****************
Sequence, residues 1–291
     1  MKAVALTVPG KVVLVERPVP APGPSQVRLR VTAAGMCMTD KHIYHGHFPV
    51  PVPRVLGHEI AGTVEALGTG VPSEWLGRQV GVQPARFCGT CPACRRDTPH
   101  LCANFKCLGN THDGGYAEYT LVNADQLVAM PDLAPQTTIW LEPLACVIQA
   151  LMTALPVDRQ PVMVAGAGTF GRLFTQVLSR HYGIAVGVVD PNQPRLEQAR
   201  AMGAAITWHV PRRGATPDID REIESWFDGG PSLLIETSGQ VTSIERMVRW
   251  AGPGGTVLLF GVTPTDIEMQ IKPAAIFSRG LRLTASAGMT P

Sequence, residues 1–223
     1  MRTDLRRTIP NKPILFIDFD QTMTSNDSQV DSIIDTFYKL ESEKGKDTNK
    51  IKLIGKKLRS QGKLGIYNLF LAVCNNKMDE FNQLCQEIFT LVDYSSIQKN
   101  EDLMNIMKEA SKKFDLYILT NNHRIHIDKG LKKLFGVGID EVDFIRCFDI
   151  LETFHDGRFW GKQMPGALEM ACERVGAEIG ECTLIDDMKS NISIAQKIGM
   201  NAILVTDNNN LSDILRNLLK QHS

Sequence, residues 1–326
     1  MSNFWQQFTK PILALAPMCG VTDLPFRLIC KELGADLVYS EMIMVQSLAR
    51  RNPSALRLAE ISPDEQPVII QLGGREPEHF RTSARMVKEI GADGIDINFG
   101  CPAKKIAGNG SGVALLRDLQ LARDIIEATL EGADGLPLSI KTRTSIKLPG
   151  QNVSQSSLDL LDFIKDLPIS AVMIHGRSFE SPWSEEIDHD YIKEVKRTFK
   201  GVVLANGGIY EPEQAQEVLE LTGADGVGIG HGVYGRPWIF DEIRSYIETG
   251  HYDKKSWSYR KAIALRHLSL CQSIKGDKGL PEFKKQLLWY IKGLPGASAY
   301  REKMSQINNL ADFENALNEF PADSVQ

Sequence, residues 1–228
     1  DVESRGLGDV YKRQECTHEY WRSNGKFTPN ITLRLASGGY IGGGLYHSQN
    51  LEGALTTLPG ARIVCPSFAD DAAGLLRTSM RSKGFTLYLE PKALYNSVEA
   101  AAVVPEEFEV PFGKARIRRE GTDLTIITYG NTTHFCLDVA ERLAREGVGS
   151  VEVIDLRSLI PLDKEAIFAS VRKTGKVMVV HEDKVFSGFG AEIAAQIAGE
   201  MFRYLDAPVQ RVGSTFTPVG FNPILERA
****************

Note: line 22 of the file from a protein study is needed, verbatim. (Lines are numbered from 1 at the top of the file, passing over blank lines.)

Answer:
Sequence, residues 1–228